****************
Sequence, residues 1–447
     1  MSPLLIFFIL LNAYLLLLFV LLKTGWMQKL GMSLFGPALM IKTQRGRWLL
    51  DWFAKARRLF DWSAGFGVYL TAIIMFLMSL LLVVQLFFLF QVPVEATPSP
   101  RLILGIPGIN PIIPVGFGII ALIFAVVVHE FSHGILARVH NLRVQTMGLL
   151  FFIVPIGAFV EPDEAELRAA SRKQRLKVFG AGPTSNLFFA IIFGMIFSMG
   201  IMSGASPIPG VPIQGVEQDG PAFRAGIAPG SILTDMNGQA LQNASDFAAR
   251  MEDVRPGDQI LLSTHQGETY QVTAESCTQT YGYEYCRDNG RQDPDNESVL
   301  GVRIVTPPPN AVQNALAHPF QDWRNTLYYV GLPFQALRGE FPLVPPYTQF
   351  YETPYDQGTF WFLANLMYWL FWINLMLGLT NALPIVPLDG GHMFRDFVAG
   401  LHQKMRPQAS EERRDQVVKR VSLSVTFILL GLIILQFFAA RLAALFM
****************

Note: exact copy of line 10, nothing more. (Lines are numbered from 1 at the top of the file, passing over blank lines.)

   401  LHQKMRPQAS EERRDQVVKR VSLSVTFILL GLIILQFFAA RLAALFM